Since the separation of ages and the perception of differences mirrors that of our society, it’s easy for us to think “that’s just the way it is.” But it’s important to note that it wasn’t that way for centuries. And equally as important to note that the impact on the church is a substantial one. Why?
Because our faith is primarily passed from one generation to another.
That means in order for “one generation to praise Your works to another” the generations must interact; they must be in the same geographical space, speaking to each other and building relationships with one another if generational discipleship is to occur (Ps. 145:4).
Studies bear this out.
One of the first longitudinal studies done on youth in regard to church attendance post high school once the Millennial decline became apparent was done by Fuller Youth Institute in 2006-2010 and they released their findings here. Their research found was that while most U.S. churches focus on building strong youth groups, teenagers also need to build relationships with adults of all ages.
Further research showed that while there was no “silver bullet” churches that encouraged intergenerational connections and worship and youth that felt involved and connected to the larger church had a much greater chance of remaining in church post high school. (The findings can be found here).
In 2016, Fuller Youth Institute released a new study called “Growing Young” that looked at churches that were continuing to “hold onto” their young people and even grow in the Millennial sector of their congregation. One of the key reasons they found for that was “Warm intergenerational relationships” at that “involving young people in every ministry has allowed these churches to thrive with authenticity and intergenerational relationships” (Source)
In 2017, The Journal of Intergenerational Relationships explained that intergenerational relationships create essential learning environments for all generations.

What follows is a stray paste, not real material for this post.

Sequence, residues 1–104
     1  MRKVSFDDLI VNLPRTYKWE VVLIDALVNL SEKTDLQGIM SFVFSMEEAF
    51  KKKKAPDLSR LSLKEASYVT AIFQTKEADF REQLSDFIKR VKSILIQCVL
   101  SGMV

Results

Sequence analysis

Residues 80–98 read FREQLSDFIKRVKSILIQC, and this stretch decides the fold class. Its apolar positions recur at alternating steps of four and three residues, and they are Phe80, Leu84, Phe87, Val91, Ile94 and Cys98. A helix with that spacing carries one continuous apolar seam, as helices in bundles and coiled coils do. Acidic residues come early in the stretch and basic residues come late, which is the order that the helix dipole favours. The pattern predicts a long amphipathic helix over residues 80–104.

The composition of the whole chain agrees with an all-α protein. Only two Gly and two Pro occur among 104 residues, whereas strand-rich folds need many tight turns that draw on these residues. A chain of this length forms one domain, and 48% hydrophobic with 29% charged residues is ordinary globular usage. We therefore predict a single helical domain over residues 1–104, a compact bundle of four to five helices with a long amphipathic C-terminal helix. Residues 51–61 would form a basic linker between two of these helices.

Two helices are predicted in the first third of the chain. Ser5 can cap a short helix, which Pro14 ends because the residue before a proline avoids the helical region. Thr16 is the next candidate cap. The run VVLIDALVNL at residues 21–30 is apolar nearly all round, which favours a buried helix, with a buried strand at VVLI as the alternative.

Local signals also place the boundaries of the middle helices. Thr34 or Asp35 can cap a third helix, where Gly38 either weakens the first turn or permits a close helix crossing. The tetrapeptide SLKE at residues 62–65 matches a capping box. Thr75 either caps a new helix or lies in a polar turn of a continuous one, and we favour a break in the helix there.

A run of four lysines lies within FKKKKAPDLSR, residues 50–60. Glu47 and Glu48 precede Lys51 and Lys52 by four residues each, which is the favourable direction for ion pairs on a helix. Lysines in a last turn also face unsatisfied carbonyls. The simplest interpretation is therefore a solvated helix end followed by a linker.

Specifically they find that three things are necessary for intergenerational learning, 1. There must be space to learn about one’s own generation with other generations, 2. All generations must act as learners and teachers at the same time, and 3. The learning must motivate participants towards in a particular way. (Source)
In other words, we need each other.
When phrases like “age segregation” and “generational gap” can be applied to our community of faith, we need to take a step back and consider the ramifications on sustainability and disciple-making and take serious consideration if the benefits outweigh the costs.
We need to take the time and be intentional not only about defining our “buzz words” but also determining the effect they are having on us, on the generations that precede ours and for the generations that are to come.
For more information about
About this Blog
Refocus Ministry was started by Christina Embree, wife to Pastor Luke, mom to three wonderful kids, and church planter at Plowshares BIC. With years of experience in family ministry and children’s ministry, she is passionate about seeing churches partnering with families to encourage faith formation at home and equipping parents to disciple their kids in the faith. She recently graduated with a Masters of Arts in Ministry focusing on Family, Youth and Children’s Ministry at Wesley Seminary, she also blogs at www.refocusministry.org and is a contributing blogger at D6 Family, ChurchLeaders.com, and Seedbed
*The advertisements at the bottom of this page are chosen by WordPress, not by ReFocus Ministry, and do not necessarily reflect the opinions and values of the author.